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The neuropsychology of hallucinations

Author(s): Pavlović D.M. | Pavlović Aleksandra M. | Lačković Maja

Journal: Archives of Biological Sciences
ISSN 0354-4664

Volume: 63;
Issue: 1;
Start page: 43;
Date: 2011;
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Keywords: Hallucinations | neuropsychology | cognition | brain | internal speech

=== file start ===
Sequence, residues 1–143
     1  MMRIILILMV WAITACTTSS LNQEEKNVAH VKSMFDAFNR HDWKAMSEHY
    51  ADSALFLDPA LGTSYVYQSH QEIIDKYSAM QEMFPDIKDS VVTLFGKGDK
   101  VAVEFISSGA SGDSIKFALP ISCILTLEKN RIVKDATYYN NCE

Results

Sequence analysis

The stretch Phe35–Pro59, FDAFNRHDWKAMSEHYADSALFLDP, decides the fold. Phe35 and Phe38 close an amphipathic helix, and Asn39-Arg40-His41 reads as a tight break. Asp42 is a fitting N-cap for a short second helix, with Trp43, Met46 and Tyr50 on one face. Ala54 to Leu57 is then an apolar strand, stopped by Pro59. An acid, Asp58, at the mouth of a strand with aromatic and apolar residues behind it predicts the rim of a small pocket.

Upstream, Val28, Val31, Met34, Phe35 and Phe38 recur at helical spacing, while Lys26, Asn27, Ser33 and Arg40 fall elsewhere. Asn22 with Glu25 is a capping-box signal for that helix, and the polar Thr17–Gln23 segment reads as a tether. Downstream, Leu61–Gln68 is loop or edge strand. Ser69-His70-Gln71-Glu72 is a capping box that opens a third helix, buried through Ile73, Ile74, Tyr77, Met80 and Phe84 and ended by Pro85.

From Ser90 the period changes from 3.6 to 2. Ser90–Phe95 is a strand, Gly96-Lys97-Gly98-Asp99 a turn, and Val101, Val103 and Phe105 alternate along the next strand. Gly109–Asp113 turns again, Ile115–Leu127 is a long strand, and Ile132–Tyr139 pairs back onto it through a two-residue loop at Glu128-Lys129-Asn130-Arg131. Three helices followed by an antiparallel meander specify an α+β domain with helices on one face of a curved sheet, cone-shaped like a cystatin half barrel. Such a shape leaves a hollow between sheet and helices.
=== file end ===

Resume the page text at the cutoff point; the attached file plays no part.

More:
Hallucinations are a psychopathological phenomenon with neuropsychological, neuroanatomical and pathophysiological correlates in specific brain areas. They can affect any of the senses, but auditory and visual hallucinations predominate. Verbal hallucinations reveal no gross organic lesions while visual hallucinations are connected to defined brain lesions. Functional neuroimaging shows impairments in modality specific sensory systems with the hyperactivity of the surrounding cerebral cortex. Disinhibition and expansion of the inner speech was noted with impaired internal monitoring in auditory verbal hallucinations. The subcortical areas and modal-specific associative cortex and cingulate cortex are essential for the occurrence of hallucinations.

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